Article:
The other question that crossed my mind was what would have happened if Kern and Jayston had been women?  It seems almost churlish to point it out. Kern would never have got off first base as for years no  professional orchestra would employ a woman conductor. Some European Orchestras would not even have women players. That would have been it.  Jayston was a competent actor but not good looking so if he had been a woman  with not very attractive looks he too would have had it hard as in my day women that got employed were either raving beauties or bimbos or terribly 'left wing'.. Also cast lists are 80% male so the competition for parts for women is intense. I had to do the 'bimbo' category and hated it could have been in the left wing category with my background but looked too middle class. Fortunately for Kern and Jayston they were men in a man's world.

We shall never know how far I should have got if I had been a man but I do know how far my peers got... to the top. I am not bitter but I would have fared better career wise if I had been born a man. I am proud of my work. It is not what I was capable of producing just what I could produce with the opportunities open to me at the time. Very minimal. I ran an opera company on nothing.  I never received one grant from any Arts Council.

I am proud that women are at last accepted as man's equal and  I hope if I won the GSM&D Production Prize today things would have been very different and my peers would remember me.

Saturday, January 29, 2011


Why do the younger generations and even my own generation think that I should have my films, TV and literature censured in case I am 'shocked'?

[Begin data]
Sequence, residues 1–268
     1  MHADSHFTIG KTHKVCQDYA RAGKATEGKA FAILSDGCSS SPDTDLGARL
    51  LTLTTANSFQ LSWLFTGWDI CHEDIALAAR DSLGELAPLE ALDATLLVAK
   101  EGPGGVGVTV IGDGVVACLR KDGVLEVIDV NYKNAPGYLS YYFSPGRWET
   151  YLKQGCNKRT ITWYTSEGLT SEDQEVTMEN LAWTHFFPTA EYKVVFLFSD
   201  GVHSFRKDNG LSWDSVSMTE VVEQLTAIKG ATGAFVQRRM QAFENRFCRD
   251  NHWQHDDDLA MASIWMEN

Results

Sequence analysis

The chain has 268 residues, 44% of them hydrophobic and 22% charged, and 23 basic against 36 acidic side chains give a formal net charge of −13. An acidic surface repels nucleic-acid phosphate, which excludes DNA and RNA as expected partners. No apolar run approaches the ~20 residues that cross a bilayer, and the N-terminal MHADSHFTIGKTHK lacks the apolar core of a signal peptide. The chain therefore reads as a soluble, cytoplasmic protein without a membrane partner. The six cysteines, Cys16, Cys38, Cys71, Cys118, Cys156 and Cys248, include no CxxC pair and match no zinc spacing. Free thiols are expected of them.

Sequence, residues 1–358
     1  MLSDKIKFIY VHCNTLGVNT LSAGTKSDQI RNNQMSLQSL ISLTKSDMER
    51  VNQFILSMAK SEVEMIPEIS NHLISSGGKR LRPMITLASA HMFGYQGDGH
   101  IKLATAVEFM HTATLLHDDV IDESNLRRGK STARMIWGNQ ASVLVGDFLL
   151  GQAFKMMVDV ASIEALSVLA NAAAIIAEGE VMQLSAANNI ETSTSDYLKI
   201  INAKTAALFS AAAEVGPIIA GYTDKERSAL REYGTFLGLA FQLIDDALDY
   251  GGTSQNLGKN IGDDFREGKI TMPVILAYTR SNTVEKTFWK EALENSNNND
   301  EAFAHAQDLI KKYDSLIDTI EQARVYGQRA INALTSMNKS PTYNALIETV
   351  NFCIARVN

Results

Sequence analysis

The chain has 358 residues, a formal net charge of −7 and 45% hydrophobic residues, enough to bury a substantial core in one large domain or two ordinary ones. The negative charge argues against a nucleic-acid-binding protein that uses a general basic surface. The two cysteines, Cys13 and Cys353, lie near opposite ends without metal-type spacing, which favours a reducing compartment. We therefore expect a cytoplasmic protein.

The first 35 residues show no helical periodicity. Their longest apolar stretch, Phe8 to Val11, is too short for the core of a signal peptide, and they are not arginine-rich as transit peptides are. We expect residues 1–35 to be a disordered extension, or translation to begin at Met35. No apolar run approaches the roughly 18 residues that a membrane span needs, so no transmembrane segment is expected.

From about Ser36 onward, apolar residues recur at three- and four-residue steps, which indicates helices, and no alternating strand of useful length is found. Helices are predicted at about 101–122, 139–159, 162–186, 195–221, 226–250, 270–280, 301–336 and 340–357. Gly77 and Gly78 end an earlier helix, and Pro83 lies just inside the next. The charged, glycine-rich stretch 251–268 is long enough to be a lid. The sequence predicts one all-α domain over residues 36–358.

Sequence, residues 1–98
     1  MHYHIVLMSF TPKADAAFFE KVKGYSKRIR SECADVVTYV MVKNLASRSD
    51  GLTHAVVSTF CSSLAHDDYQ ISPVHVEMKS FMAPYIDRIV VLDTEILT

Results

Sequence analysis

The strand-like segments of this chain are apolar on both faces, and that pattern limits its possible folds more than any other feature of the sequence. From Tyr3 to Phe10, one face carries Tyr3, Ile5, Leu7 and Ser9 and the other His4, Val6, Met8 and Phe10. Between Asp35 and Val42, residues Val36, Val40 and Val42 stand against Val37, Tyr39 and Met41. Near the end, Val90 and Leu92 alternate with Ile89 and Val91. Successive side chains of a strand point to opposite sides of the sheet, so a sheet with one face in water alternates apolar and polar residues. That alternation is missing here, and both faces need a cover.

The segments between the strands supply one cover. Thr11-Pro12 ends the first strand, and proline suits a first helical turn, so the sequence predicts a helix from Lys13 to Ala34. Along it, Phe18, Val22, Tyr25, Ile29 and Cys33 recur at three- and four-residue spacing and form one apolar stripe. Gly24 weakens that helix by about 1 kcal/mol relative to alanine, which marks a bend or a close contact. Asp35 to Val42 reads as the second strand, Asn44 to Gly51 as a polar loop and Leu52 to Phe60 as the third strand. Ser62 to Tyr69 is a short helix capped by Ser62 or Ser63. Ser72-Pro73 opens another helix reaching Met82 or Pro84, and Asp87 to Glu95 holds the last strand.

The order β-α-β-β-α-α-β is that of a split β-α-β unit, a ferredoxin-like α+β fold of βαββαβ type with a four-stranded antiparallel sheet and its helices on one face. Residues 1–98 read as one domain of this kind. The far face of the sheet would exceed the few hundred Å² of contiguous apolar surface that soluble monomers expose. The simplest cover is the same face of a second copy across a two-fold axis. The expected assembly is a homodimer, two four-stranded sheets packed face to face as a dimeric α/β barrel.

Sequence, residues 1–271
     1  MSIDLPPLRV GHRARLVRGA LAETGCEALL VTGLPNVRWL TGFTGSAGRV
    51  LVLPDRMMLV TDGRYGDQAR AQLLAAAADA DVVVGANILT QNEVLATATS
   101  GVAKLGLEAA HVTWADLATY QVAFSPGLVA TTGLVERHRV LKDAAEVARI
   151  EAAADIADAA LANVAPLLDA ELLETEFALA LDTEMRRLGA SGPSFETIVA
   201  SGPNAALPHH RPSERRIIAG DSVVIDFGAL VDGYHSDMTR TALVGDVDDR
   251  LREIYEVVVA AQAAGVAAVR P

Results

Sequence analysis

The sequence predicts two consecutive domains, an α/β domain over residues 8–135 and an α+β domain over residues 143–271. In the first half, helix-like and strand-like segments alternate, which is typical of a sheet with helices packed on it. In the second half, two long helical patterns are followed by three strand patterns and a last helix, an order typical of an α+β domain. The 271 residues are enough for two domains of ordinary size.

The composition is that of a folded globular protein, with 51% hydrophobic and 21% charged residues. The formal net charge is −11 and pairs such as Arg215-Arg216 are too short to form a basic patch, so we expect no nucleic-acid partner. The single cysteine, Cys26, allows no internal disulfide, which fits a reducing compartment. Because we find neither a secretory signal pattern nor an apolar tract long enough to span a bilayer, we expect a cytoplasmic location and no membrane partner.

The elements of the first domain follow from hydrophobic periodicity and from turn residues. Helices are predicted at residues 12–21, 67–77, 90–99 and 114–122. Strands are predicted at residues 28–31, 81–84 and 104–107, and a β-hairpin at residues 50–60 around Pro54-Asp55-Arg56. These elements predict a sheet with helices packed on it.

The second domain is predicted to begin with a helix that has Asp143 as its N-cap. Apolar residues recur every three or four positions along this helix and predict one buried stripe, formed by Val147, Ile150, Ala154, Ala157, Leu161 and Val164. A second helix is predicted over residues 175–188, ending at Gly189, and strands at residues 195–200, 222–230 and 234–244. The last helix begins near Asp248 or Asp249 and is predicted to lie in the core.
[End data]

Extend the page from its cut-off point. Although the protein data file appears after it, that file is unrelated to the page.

Why do they think that seeing the lesbian love scene in The Black Swan is going to shock me?

Why do I need to be shielded from such scenes?

For all of my friends and colleagues where on earth do they think I have been all my life? On the moon or in a Carmelite Covent?

I  am virtually unshockable, I can be 'surprised' but it takes a lot to 'shock' me.

I grew up at the ripe old age of four when I saw the opening of Belsen on the BBC in 1947. My grandfather had one of the few televisions and I was allowed to watch everything. One night on a World at War documentary there was Belsen in all its gory glory. No warnings were given that this was unsuitable for children so I just sat and watched it with my family. Not one of them either thought that the pictures were disturbing to a child of four.

I only saw the pictures once but I remembered them vividly. The skeletons  piled up, the starving prisoners in the black and white stripped coats, the bulldozer bulldozing the piles of bodies into the pit. I never showed any emotion and none of my family realized the effect this film had on me from that moment on.

I grew up! I knew the world was not a kind friendly place. I lost my faith in God at that moment. I knew that any God who allowed this brutality was no loving God of mine. I became an adult. I was far more adult than any of the silly 18 year old Irish nuns to whom my father had entrusted my education. Not believing in God is not a good idea at a Dominican convent.

The had never seen this films. Few had access and for many years these films were seldom shown. Today they are almost mainstream and I have been conditioned to the horror. They are still dreadful.